“Ye know that the princes of the Gentiles exercise dominion over them,

and they that are great exercise authority upon them.

But it shall not be so among you:

but whosoever will be great among you, let him be your minister;

And whosoever will be chief among you, let him be your servant:

Even as the Son of man came not to be ministered unto,

but to minister, and to give his life a ransom for many.” (Matthew 20:25-28, KJV)

The word the Athenians used for their Assembly was Ekklesia, the same word used in the New Testament for Church
(and it is the greatest philological irony in all of Western history that this word,
which connoted equal participation in all deliberation by all members,
came to designate a kind of self-perpetuating, self-protective Spartan gerousia -
which would have seemed patent nonsense to Greek-speaking Christians of New Testament times,
who believed themselves to be equal members of their Assembly.)

- Thomas Cahill, Sailing the Wine-Dark Sea: Why the Greeks Matter


Saturday, July 10, 2010


[Moderator's note: the excerpts in green italic font are taken verbatim from Metropolitan Isaiah's most recent letter, dated July 1, 2010 to this community.]

After going through a massive number of letters and comments regarding the abnormal and uncanonical situation which continues to exist in the community, and which will soon be resolved in the preservation of the Holy Canons and the Uniform Parish Regulations of our Archdiocese in the United States of America, please allow me to object to those individuals who have repeatedly taken the name of His Grace Bishop Demetrios of Olympos in ways, I am totally convinced, which are totally disrespectful to his reposing soul.

Yet more threats? Was it not the Metropolitan who promised to honor, albeit grudgingly, the "split survey vote" (87% AGAINST splitting the community) in his letter to this community, December 6, 2007?

The title of the deceased bishop reflects the fact that he was a titular bishop with no administrative authority. When a bishop has the title of a non-existent city, this indicates that he has no authority of his own and always responds to the wishes of his superiors. When Bishop Demetrios was located in Los Angeles, California, he served the ecclesiastical needs of the parishes. He never had any administrative responsibilities.

According to this tortured logic, bishops whose titles have included names of cities no longer in modern existence, have no administrative authority. This is utterly disingenuous. If we were to believe this, then it surely follows that His Eminence, who in 2002 was still Metropolitan Isaiah of Proikonisos (an ancient city in his title) had no administrative authority to disband a properly elected Parish Council in September 2002 in this city. Presumably, this would hold true with any and all other "administrative" actions he might have taken, while still Metropolitan of a no-longer existent church entity?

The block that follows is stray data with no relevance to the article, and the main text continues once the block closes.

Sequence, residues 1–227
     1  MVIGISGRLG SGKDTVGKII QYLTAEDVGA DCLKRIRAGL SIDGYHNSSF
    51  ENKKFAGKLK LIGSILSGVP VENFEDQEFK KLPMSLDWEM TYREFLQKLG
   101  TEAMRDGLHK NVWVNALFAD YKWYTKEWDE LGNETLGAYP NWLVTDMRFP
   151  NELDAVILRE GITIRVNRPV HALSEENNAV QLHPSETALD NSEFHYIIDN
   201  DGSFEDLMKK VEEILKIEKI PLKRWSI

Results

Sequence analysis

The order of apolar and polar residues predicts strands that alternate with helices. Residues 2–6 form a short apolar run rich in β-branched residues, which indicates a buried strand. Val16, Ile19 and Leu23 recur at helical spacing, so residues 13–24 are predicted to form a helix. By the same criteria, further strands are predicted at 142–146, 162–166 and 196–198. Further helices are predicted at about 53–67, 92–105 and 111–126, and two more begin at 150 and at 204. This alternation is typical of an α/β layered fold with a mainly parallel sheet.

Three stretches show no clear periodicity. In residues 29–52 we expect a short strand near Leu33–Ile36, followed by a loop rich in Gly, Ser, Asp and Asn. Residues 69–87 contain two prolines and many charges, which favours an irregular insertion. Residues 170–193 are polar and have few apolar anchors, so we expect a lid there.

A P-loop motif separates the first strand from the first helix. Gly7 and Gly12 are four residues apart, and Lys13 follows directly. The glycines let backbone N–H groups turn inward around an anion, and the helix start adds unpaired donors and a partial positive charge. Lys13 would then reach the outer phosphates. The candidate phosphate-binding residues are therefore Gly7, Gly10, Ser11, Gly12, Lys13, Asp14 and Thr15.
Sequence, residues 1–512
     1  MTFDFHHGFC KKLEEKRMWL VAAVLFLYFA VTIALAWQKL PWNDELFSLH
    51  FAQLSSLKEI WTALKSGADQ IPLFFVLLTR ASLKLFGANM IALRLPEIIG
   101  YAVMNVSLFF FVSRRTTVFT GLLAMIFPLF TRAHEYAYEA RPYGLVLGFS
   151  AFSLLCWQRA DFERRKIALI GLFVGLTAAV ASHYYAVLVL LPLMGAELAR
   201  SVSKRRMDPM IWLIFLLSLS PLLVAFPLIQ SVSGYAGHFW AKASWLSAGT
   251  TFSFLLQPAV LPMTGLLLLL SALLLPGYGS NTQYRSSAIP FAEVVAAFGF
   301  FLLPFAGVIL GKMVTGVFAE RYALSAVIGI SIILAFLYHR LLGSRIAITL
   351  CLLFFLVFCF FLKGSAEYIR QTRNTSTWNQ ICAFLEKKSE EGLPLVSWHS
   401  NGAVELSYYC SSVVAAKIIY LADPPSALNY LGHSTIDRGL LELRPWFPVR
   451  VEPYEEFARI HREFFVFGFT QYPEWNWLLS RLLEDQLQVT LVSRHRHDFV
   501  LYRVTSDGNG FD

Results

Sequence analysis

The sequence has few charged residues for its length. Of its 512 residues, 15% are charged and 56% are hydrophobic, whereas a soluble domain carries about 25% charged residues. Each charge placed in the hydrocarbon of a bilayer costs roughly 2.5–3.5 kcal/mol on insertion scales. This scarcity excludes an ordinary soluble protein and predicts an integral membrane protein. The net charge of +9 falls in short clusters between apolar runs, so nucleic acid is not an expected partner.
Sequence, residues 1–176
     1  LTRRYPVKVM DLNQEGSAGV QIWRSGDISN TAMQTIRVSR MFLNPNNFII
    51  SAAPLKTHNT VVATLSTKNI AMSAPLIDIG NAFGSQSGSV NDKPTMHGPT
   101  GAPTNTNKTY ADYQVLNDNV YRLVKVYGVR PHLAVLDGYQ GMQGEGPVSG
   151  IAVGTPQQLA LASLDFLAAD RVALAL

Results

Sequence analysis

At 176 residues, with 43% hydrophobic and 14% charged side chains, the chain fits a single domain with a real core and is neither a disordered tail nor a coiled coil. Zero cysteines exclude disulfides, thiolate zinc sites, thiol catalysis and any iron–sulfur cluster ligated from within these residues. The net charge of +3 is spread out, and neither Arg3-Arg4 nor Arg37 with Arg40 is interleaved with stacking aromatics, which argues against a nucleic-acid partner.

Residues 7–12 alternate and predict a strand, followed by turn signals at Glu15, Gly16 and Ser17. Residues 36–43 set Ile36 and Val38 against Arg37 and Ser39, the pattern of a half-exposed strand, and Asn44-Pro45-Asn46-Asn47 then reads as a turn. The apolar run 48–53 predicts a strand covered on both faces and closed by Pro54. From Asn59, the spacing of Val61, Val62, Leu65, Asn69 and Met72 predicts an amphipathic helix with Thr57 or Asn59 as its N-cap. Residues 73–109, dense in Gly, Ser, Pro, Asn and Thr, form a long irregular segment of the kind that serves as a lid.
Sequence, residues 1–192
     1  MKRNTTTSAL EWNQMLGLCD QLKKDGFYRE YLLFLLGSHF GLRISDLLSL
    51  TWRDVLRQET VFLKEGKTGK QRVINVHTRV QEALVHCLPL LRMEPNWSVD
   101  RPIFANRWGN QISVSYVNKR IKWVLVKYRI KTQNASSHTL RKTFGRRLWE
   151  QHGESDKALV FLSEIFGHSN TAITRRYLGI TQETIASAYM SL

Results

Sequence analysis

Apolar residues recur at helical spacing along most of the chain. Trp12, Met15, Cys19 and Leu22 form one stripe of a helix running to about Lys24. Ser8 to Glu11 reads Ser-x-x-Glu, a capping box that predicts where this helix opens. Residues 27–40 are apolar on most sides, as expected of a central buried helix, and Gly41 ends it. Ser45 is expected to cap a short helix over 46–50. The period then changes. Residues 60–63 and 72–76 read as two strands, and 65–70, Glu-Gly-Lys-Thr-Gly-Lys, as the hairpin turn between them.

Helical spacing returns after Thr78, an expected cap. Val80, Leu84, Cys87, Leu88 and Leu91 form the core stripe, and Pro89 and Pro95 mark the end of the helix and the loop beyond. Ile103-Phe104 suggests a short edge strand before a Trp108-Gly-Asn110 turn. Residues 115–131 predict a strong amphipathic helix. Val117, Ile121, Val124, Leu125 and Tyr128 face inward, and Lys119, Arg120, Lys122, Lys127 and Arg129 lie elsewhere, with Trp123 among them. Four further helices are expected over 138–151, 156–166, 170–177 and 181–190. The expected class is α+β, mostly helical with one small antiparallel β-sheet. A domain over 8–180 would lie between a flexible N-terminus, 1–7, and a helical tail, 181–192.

Bishop Demetrios had an ancient city affixed to his title; this has not been uncommon then or now. Nevertheless, he was the presiding hierarch of the Greek Archdiocese, Western States District, to which our church belonged at that time.
If, in fact Bishop Demetrios had "no authority of his own" and always had to respond "to the wishes of his superiors...", then clearly he must have consulted those superiors in order to go ahead and send those letters under his signature. To say that Bishop Demetrios, eternal be his memory, had no administrative responsibilities or authority when he was our presiding bishop is to impugn his honor and his memory, and implies that he was a liar and a fraud by sending those letters and signing them! And it is not WE who have implied it!

Finally, when I was assigned as the assistant priest at the Holy Trinity Cathedral in Salt Lake City in March 1962, under Father Steven Katsaris, who could not wait to leave the parish quickly enough, it was Archbishop Iakovos who assigned me, and not Bishop Demetrios.

There was only ONE Greek Orthodox church in this valley at that time. No one who was around then seems to recall anyone treating then-Father Isaiah so badly as to cause such rancor on his part. Further, nearly all parishioners in our memory held Father Katsaris in high esteem. Frankly, both the negative second-hand assertion about Fr. Katsaris and the fact of the Metropolitan's first assignment as a new priest are not relevant. It is simply clear that the Metropolitan, along with the Proistamenos-of-Prophet-Elias-only, holds our Cathedral campus and parishioners who mainly attend there, in great disdain. Inexplicably, the Metropolitan cannot resist demonstrating his contempt, both in how, and to where, he addresses his increasingly vitriolic missives. How sad and how unseemly.

May our loving God forgive those individuals who have been attempting to besmirch the name of my brother in the Lord, Bishop Demetrios, who was kind enough to do the funeral of my father in California. May these individuals be forgiven by our Lord Jesus Christ, and may the soul of Bishop Demetrios continue to rest in peace.

Interestingly, the Metropolitan fails to mention that Bishop Demetrios also ordained him to the priesthood in 1962 - a rather curious omission. Regardless, the only reason Bishop Demetrios might not be resting in peace is the assertion that he lacked any authority to affix his name to the letters he signed and sent to this community in 1964. That assertion was made by Metropolitan Isaiah, and NOT by anyone who holds the unity of this community dear.

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